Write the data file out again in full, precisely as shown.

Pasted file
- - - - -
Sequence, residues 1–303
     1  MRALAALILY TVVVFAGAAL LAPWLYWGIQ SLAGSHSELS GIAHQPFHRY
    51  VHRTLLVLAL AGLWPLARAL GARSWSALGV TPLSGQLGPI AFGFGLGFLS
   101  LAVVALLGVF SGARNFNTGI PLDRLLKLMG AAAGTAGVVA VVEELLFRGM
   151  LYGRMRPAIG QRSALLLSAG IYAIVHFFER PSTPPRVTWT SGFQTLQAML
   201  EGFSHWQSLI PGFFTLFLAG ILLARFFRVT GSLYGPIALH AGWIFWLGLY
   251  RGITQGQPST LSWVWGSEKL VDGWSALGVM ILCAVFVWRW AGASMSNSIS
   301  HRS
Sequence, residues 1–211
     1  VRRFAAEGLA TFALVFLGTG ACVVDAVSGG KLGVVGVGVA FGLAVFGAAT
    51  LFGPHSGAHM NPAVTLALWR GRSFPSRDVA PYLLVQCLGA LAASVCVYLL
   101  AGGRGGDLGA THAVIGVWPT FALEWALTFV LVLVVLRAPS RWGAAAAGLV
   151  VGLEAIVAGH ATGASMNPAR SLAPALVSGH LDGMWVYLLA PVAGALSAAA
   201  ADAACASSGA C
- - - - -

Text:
Sequence, residues 1–303
     1  MRALAALILY TVVVFAGAAL LAPWLYWGIQ SLAGSHSELS GIAHQPFHRY
    51  VHRTLLVLAL AGLWPLARAL GARSWSALGV TPLSGQLGPI AFGFGLGFLS
   101  LAVVALLGVF SGARNFNTGI PLDRLLKLMG AAAGTAGVVA VVEELLFRGM
   151  LYGRMRPAIG QRSALLLSAG IYAIVHFFER PSTPPRVTWT SGFQTLQAML
   201  EGFSHWQSLI PGFFTLFLAG ILLARFFRVT GSLYGPIALH AGWIFWLGLY
   251  RGITQGQPST LSWVWGSEKL VDGWSALGVM ILCAVFVWRW AGASMSNSIS
   301  HRS
Sequence, residues 1–211
     1  VRRFAAEGLA TFALVFLGTG ACVVDAVSGG KLGVVGVGVA FGLAVFGAAT
    51  LFGPHSGAHM NPAVTLALWR GRSFPSRDVA PYLLVQCLGA LAASVCVYLL
   101  AGGRGGDLGA THAVIGVWPT FALEWALTFV LVLVVLRAPS RWGAAAAGLV
   151  VGLEAIVAGH ATGASMNPAR SLAPALVSGH LDGMWVYLLA PVAGALSAAA
   201  ADAACASSGA C